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Future of Computer Hardware

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Introduction

            Although there has been tremendous growth in the miniaturization and processing speed of computer hardware, but the logic of computers is no different from the first 30 ton computer made in 1941 by German engineer, Konrad Zuse. They are merely the smaller transistor equivalent of the first computer built from the large vacuum tubes.  Moore’s law tells us that the data density and processing speed doubles every 18 months. The microprocessor industries, namely Intel and AMD seem to have kept up with Moore’s Law.

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Recently their efforts of increasing the processing speed by increasing the clock frequency have reached a major roadblock, the tremendous power dissipation due to the high frequency of operation. These resulted into the recent development of dual-core processors. If Moore’s law is to be followed, even the multi-core from dual-core, quad-core to nth core, will not be enough in the future. The multi-core technology will reach a point where the common data bus between n numbers of cores will become a bottleneck.

The demand from businesses and consumers will push future developments in the computer hardware to meet the exponential increase of digital data and globalization of internet.

Probable Alternative Technology

There are several candidates as what would be the future of computer hardware.  One of these is the replacement of electrical signals with optical signals to utilize the maximum speed of light. NASA scientists are working to solve the need for computer speed using light itself to accelerate calculations and increase data bandwidth (NASA, 2000). According to NASA organic materials can perform functions such as switching, signal processing and frequency doubling using less power than inorganic materials. This optical technology, due to the blazing speed of light, could relieve the bandwidth problems imposed by electronics. Optical data processing can perform several operations simultaneously (in parallel) much faster and easier than electronics (NASA, 2000). Also, scientist at Harvard University have shown how ultra-cold atoms can be used to freeze and control light to form the “core” – or central processing unit – of an optical computer (Reid, 2006). These could be a major breakthrough that could give rise to affordable optical computers in the near future.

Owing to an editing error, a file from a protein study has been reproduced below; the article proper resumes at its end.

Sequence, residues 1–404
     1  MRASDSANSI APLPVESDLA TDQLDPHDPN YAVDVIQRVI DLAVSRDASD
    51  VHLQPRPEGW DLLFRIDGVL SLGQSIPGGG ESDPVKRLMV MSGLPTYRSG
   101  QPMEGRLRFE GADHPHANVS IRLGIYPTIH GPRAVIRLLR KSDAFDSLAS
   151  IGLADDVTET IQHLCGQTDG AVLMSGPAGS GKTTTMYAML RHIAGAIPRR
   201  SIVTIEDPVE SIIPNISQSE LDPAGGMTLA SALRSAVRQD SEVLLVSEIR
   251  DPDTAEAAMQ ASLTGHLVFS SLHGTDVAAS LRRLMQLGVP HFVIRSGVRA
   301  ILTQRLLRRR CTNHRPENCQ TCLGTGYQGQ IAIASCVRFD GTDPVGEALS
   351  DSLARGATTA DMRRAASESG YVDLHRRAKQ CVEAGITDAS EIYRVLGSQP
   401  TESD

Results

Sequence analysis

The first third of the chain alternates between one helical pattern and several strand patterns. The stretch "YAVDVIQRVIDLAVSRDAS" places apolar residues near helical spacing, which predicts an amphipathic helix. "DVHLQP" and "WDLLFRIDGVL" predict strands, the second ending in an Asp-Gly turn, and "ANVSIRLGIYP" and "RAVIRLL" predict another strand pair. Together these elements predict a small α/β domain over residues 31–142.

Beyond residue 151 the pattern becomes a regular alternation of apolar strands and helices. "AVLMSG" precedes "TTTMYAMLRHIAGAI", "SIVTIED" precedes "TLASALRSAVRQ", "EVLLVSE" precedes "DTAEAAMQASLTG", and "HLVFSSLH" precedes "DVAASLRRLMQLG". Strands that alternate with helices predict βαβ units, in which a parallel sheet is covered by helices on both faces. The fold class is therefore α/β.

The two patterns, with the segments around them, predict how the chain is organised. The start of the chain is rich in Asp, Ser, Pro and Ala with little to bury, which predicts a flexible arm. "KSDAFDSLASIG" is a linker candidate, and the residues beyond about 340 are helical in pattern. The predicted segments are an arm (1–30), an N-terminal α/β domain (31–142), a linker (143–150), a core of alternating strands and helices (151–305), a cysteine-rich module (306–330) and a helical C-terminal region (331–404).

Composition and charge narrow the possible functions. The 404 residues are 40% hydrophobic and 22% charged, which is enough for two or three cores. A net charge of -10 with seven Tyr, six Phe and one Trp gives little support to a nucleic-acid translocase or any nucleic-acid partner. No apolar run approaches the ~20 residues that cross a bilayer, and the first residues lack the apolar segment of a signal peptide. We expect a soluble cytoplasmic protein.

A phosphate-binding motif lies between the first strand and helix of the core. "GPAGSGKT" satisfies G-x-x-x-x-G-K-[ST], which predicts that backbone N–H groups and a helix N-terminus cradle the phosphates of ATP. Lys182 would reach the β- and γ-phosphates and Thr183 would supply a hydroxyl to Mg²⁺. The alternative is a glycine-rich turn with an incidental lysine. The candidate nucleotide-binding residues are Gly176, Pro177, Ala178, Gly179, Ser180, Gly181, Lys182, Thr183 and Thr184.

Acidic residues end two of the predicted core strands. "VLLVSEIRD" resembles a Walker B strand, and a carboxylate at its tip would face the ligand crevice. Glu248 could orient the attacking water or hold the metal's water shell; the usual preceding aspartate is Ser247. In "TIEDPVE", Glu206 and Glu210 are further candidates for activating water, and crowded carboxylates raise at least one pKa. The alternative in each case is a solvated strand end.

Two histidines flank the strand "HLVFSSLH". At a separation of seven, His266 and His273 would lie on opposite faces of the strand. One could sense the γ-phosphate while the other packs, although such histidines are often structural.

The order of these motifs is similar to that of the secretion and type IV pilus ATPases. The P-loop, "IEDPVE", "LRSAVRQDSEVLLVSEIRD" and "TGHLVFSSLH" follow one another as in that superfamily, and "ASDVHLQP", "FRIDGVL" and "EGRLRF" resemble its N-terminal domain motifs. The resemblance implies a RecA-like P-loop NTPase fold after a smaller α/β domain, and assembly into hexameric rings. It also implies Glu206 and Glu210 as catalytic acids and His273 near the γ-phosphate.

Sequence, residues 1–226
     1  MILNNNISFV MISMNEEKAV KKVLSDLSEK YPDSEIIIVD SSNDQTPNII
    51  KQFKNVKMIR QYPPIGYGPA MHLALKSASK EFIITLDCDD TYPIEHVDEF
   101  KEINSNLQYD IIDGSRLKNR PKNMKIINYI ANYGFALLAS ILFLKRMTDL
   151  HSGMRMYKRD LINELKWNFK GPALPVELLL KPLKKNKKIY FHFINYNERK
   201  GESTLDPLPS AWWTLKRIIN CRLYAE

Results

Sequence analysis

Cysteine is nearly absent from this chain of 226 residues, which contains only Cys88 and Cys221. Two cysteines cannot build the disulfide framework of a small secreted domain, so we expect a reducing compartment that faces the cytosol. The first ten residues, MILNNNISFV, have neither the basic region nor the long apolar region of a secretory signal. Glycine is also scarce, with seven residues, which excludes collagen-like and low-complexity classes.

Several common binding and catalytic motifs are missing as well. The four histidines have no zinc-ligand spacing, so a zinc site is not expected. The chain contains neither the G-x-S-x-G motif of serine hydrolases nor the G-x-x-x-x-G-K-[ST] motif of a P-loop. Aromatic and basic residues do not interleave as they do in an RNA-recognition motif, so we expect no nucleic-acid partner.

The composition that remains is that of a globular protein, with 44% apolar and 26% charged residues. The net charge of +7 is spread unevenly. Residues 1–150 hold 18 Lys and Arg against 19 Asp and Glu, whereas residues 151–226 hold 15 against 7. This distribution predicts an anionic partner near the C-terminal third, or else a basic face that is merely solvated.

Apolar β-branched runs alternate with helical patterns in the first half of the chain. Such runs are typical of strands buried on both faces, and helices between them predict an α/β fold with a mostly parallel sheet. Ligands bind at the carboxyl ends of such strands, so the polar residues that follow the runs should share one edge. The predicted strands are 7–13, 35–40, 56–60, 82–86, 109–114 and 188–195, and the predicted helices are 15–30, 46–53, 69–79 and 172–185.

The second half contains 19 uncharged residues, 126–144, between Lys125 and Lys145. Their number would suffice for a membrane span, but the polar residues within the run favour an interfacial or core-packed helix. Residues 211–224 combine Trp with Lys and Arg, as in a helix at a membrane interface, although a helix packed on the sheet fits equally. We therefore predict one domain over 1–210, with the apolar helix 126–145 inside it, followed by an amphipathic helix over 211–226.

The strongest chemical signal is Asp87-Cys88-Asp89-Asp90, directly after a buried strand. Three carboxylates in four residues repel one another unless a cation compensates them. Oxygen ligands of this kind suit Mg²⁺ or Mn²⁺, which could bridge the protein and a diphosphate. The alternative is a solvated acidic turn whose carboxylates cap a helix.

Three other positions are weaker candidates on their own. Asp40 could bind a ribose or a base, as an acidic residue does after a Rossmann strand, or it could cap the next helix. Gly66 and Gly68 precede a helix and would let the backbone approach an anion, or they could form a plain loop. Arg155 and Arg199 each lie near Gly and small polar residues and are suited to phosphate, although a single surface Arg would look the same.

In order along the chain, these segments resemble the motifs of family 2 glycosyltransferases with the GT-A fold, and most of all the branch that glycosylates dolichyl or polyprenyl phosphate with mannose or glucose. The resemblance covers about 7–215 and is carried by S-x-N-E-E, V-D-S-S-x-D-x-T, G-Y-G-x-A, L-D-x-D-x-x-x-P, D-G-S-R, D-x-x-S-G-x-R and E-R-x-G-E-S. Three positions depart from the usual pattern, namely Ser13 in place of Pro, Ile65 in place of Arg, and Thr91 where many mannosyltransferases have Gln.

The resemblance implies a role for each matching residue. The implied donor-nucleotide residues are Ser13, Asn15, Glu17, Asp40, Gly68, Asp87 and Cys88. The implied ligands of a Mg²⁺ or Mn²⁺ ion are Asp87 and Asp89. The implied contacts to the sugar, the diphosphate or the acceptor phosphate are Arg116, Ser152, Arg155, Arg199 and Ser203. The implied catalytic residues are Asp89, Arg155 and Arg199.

Another alternative uses basically the same technology but increases the operating frequency further. To prevent the tremendous heat build-up, nanofluids are used for cooling. It is projected that if frequency of operation is used to increase processing power, the next generation of computer chips will produce localized heat flux over 10 MW/m2, with the total power exceeding 300 W. No existing low-cost cooling device can effectively manage the heat produced at this level except the use of nanofluids for ultrahigh-heat-flux electronic systems (Marquit, 2006). With nanofluid cooling methodology, the frequency of operation for computer chips could be increased further without burning the chip from the heat build up due to power dissipation.